Appointing a building surveyor
Building surveyors are professionals trained in understanding the building process. They are responsible for ensuring buildings are safe, accessible and energy efficient.
You will need a building surveyor for any project that requires a building permit.
What a building surveyor does
A building surveyor is involved for the duration of the building work. They ensure the building work complies with legal requirements and they issue the building permits that allow work to commence. Building surveyors carry out inspections (or have a building inspector carry out inspections on their behalf) to ensure building work is being undertaken correctly. They also issue an occupancy permit or certificate of final inspection when the work is completed.
A registered building surveyor is authorised to:
- assess building permit applications for compliance with the Building Act 1993, Building Regulations 2018 and National Construction Code
- issue building and occupancy permits, and certificates of final inspection
- conduct building inspections at the mandatory notification stages
- give directions to fix non-compliant building work
- serve building notices and orders.
There are two types of building surveyor:
- private building surveyors
- municipal (local council) building surveyors.
You can choose whether you use a municipal or private building surveyor. You can only appoint one building surveyor to a building project. Ending the appointment of a building surveyor can only happen in rare circumstances – find out more at Ending the appointment of a building surveyor.
Appointing a building surveyor
There are different processes for appointing a building surveyor, depending on whether they are a municipal or private building surveyor.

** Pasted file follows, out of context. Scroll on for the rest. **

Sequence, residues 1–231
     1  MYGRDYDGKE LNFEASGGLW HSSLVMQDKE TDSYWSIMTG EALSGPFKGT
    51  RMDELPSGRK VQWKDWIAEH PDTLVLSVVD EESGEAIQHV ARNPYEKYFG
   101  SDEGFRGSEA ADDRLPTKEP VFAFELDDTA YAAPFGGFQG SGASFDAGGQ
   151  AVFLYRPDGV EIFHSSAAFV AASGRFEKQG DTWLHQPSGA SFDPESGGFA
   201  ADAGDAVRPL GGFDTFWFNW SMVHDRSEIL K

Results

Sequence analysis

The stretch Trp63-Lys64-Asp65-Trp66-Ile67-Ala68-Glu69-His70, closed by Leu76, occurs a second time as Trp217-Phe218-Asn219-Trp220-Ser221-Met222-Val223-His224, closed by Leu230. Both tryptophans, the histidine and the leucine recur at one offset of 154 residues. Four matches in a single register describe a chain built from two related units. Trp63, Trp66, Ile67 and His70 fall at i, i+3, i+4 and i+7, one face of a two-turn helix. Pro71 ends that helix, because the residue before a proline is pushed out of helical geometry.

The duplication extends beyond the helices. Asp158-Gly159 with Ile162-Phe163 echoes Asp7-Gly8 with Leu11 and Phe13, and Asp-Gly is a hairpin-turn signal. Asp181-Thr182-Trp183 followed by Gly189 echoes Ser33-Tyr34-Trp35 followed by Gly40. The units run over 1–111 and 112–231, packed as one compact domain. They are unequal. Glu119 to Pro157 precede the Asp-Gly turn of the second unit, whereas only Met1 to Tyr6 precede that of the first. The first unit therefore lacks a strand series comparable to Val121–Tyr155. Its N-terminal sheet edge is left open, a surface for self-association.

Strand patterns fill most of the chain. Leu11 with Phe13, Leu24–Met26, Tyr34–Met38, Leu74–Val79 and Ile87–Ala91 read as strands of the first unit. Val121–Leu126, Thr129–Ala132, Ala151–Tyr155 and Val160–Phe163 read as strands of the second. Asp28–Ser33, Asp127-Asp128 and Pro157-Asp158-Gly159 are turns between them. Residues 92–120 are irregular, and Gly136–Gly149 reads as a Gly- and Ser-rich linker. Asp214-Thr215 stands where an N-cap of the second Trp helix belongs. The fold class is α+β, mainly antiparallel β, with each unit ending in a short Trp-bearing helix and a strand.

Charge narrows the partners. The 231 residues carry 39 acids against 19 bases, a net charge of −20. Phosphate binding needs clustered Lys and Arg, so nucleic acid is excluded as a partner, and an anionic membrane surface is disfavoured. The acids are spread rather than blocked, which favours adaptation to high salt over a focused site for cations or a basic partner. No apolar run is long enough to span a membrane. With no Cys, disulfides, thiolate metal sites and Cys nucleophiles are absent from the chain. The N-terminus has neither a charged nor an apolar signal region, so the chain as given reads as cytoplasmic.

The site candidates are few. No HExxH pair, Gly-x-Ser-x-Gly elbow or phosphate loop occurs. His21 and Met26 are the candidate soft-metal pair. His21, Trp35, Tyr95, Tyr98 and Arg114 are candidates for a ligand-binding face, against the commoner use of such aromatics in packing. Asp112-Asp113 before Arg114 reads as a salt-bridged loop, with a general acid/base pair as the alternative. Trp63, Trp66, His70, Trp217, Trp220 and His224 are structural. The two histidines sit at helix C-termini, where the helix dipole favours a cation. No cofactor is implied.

- If you decide to engage a municipal building surveyor, you do not need to formally appoint them – simply apply to your local council for a building permit.
- Only an owner or agent of the owner may appoint a private building surveyor. It is not the role of the local council or the VBA to appoint a private building surveyor. By law, the builder can't appoint the building surveyor.
Note: Once you have made an application for a building permit and the building surveyor has started carrying out their functions for your project, that person will then be known as the relevant building surveyor (RBS) for your project. This applies even if you have not signed a contract or provided written confirmation of the appointment.
You can search for a local building surveyor using the Look up a practitioner tool or by visiting the Australian Institute of Building Surveyors website.
We recommend appointing your building surveyor before you apply for the building permit. In most cases a private building surveyor will ask you to sign a professional service contract or will write to you to confirm their appointment.
A private building surveyor must notify the relevant council within seven days of being appointed to a building project.
You can authorise another person (such as your architect or draftsperson) to act as your agent and appoint a building surveyor for you. If you appoint an agent, you must provide them with a written authority before they can act on your behalf. Remember that the builder is not allowed to appoint the private building surveyor.
Before you sign a domestic building contract or a contract for building design services, check if it includes an authority for the designer to appoint a building surveyor. You should only sign this authority if you agree to allow the other person to appoint your building surveyor.